• Serotonin toxicity
  • Shock
  • Arrhythmias
  • Hypernatremia

Management

  • Acute coronary syndrome (ACS): aspirin, nitrates, opiate analgesics, benzodiazepines
  • Benzodiazepines for agitation seizures, and hypertension.
  • Inotropes and crystalloid infusion for hypotensive shock
  • Sodium bicarbonate and amiodarone for arrhythmias
  • IV fluids and ice packs to treat hyperthermia

Ecstasy (MDMA)

3, 4-Methylenedioxymethamphetamine is a drug used as a recreational activity. It is an amphetamine derivative and has serotonergic activity. The effect of MDMA are as follows:

  • Enhanced empathy
  • Intimacy
  • Positive mood

Acute poisoning of Ecstasy presents as:

  • Bruxism
  • Hypertension
  • CNS and Neurological excitement
  • Hypernatremia as a result of increased vasopressin release
  • Delirium
  • Convulsions
  • Hyperthermia
  • Palpitations

Treatment of Ecstasy overdose is similar to that of amphetamine overdose.

Hypernatremia is treated by using hypertonic saline.

Opiates

Less than 10 breaths per minutes along with Miosis and semi-conscious state is most likely to be due to opiate poisoning.

Opiate toxidrome

  • CNS depression may present with symptoms ranging from drowsiness to coma
  • Respiratory depression
  • Hypercapnia (hypercarbia)

Complications

  • Respiratory failure
  • Hypothermia
  • Rhabdomyolysis
  • Aspiration pneumonitis
  • Pulmonary edema (Non-cardiogenic)

Management

  • Oxygen and respiratory support take priority in all patients suspected of opiate poisoning.
  • Naloxone to reverse the effects of opioid poisoning
  • Supportive care including IV fluids, re-warming in the case of hypothermia, and maintenance of normoglycemia.

Cannabis

Acute cannabis intoxication has the following clinical features:

  • Anxiety
  • Disorientation
  • Depersonalisation
  • Altered mood
  • Memory impairment
  • Paroxysmal atrial fibrillation
  • Attention deficit
  • Orthostatic hypotension
  • Tachycardia and palpitations

Complications

  • Hyperemesis gravidarum
  • Agitation
  • Psychosis

Management

Acute cannabis toxicity is usually NOT a serious problem. Symptoms resolve within 4-12 hours of ingestion.

  • Reassurance is often sufficient in acute cannabis toxicity.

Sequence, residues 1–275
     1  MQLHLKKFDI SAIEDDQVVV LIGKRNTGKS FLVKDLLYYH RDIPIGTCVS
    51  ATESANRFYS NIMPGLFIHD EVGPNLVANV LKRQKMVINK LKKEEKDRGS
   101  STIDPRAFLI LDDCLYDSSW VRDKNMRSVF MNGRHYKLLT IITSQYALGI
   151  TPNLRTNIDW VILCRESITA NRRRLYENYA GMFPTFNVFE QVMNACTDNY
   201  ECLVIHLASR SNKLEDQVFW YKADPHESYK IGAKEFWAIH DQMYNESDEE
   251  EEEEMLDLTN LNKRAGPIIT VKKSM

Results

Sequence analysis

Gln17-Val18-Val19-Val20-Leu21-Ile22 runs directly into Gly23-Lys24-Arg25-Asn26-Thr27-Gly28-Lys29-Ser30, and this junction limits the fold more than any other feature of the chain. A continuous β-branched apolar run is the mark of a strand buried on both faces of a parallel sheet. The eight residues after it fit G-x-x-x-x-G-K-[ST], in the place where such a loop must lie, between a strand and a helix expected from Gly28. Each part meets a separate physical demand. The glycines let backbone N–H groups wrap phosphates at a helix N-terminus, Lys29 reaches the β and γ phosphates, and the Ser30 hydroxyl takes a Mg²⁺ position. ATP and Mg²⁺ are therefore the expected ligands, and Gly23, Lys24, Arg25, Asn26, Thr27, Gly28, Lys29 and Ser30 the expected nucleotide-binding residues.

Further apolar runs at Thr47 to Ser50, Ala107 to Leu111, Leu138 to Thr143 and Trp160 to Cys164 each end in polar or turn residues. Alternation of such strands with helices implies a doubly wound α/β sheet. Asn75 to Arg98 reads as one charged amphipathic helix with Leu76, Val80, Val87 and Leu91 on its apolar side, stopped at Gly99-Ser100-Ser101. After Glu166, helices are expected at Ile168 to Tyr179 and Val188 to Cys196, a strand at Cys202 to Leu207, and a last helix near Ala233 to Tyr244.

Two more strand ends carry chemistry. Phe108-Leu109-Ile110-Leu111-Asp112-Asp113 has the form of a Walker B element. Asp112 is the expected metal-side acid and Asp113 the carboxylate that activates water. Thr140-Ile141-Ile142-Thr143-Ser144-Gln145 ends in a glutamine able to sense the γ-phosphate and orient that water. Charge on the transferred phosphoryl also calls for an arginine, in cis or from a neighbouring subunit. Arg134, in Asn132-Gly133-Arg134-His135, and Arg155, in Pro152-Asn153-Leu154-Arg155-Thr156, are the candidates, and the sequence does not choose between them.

• Anti-emetics for nausea and vomiting
  • Anti-psychotics
  • Benzodiazepines to treat agitation

Other Illegal Drugs

γ-Hydroxybutyrate causes rapid onset CNS depression. However, it has a short duration of action, and supportive management is enough.

An overdose of psychoactive substances such as cathinone presents with symptoms similar to that of amphetamines and is treated in a similar manner.

Cannabinoids poisoning is treated similarly to that of cannabis.

Methods of Gastrointestinal Decontamination

1. Activated charcoal

Indication:

Patient presents within one hour of ingestion of a toxic substance

Contraindications:

  • Decreased level of consciousness.
  • Abused drug has a low binding affinity for activated charcoal,g., lithium
  • GI bleeding or perforation risk

2. Gastric lavage

Indication:

It is used in extraordinary situations where a potentially toxic amount of medication has been consumed.

Contraindications:

  • Compromised airway
  • Ingestion of strongly acidic or alkaline substance
  • GI bleeding or perforation risk

Complications of Substance Abuse

  • Drug overdose leading to serious morbidity and mortality
  • Risk of endocarditis, hepatitis, and HIV with IV drug abuse
  • Addiction: criminal acts to sustain drug activity, theft, prostitution

Prevention of Substance Abuse

  • Guidance on substance abuse
  • Parental awareness
  • Monitoring of Adolescents activities
  • Positive self-esteem
  • Supportive family relationships
  • Parents as positive role models